When I asked Lockheimer about his working relationship with Pichai, he didn't explicitly contrast it with the Rubin era. But he did describe an organization that isn't siloed off from other Google offerings and corporate goals. "We don't really talk about org charts, per se," he says. "We talk about what are the products that we want to build, and then we get into the details—'Okay, what is the best way in which to build those products'—but it always starts with the first principle, which is great user experiences."
In October of last year, another round of reorganization put Lockheimer in charge of Chrome OS as well as Android, bringing Google's operating systems closer together than ever before. The move led some observers to wonder if Google intended some sort of unification of the two OSes. Lockheimer, not surprisingly, isn't talking about any such plan—which, with Android devices selling by the billion and Chromebooks doing well in niches such as K-12 education, doesn't feel like an urgent matter in any case.
Instead, he emphasizes the value of having different platforms for different sorts of devices. "At some very base level, an operating system is an operating system," he says. "There's silicon and there's software, and those two things need to talk to each other. But where they do start to diverge—or maybe specialize is a better word—is as you get closer and closer to the user experience." Laptop-style Chromebooks, for instance, have always paid attention to keyboard shortcuts; touchscreen-oriented Android devices, not so much.
Still, with the OSes under joint management, it's easier to share knowledge—which is helpful even in the case of keyboard shortcuts, now that more people are using Android tablets with Bluetooth keyboards. Implementing support for technology standards can be done with both Android and Chrome OS in mind: As Lockheimer puts it, "Wi-Fi is Wi-Fi." And bringing the teams closer makes it easier to implement cross-platform features such as the ability to use an Android phone to unlock a Chromebook.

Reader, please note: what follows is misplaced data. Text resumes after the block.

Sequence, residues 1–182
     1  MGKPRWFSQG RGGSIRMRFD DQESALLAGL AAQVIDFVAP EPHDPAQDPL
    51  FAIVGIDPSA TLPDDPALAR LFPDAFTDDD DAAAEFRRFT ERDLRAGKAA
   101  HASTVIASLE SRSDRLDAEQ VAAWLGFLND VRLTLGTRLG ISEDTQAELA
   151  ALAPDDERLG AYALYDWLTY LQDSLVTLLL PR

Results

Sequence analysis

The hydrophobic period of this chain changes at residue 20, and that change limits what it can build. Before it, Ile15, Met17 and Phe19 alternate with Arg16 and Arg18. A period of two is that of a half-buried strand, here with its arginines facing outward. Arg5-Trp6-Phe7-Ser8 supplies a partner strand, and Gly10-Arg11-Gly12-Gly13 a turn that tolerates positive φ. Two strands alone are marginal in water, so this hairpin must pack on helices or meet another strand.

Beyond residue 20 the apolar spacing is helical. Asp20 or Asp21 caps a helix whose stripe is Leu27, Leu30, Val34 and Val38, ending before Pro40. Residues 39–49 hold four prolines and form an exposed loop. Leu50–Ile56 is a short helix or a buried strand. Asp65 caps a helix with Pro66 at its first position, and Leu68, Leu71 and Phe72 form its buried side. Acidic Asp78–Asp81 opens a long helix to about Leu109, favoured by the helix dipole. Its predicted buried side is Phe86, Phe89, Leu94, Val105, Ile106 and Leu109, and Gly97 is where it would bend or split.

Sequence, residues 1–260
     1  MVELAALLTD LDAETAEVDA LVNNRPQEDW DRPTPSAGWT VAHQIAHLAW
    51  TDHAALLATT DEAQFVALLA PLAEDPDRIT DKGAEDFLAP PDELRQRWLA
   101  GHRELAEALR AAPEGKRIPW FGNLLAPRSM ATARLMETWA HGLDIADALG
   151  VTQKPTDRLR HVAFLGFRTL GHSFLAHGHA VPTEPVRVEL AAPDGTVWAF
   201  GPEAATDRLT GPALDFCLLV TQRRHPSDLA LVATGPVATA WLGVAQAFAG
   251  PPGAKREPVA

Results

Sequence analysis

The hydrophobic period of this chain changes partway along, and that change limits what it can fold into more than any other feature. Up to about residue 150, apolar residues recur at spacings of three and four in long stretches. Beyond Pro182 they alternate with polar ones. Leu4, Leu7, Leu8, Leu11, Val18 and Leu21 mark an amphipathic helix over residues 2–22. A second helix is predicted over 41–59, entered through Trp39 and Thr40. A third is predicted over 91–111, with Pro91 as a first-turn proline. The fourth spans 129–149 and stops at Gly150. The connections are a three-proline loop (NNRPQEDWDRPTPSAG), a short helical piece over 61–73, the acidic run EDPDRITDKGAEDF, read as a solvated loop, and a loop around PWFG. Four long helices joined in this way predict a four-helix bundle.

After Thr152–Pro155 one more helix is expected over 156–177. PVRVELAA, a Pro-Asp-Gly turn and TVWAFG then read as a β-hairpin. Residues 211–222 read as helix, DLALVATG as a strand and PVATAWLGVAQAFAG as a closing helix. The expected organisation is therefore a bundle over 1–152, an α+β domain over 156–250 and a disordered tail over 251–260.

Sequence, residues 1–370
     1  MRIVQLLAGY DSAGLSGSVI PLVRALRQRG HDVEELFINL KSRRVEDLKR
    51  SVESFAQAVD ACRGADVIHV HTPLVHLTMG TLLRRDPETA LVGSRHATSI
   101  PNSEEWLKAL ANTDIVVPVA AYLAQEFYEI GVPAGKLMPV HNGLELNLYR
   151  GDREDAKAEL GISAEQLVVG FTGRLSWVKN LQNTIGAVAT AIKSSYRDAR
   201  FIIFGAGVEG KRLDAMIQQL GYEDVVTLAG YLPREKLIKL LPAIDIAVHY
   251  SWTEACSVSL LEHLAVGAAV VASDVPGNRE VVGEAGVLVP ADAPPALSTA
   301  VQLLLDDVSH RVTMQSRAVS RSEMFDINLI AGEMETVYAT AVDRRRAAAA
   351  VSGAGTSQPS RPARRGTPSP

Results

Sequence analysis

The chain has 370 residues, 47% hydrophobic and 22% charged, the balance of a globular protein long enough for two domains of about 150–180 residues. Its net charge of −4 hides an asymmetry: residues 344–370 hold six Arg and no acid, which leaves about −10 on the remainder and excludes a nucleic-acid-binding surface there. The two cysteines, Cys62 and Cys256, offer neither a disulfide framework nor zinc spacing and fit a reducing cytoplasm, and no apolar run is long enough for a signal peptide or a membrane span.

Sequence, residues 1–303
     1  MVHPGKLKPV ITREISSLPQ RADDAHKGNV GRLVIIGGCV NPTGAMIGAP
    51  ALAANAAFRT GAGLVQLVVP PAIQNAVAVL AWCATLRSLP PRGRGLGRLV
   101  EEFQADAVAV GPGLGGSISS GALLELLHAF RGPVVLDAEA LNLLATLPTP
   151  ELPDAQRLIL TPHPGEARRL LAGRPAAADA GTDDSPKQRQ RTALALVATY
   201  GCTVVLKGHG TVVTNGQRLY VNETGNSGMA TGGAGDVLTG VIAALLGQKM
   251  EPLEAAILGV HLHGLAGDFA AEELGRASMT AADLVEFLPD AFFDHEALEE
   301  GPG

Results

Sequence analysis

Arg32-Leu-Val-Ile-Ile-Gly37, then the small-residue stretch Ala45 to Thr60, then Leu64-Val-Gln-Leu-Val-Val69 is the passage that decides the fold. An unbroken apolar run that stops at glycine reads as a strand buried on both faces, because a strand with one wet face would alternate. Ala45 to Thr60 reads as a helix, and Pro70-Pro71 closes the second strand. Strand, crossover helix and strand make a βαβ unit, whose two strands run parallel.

Toward the end of our conversation, I asked Lockheimer how much time he spent thinking about Android's and Chrome OS's future past the next release or two, and what they might look like a few years from now. I thought I was giving him an opportunity to wax eloquent on pie-in-the-sky stuff. Instead, he stayed practical, and said that developing operating systems can't be done in isolation from the components they use and the devices they'll run on. Running engineering for these two operating systems requires him to think about everything from chips to merchandising.
"It's not just the technology," he told me. "It's about the go-to-market. It's about the retail. It's about the manufacturing. It's about the chipsets. What are the capabilities of a display two years from now? Maybe there are new technologies that are in the roadmap for a display company, and maybe we can incorporate those things."
"It's a very wide view that we need to take, and I try my best to do that."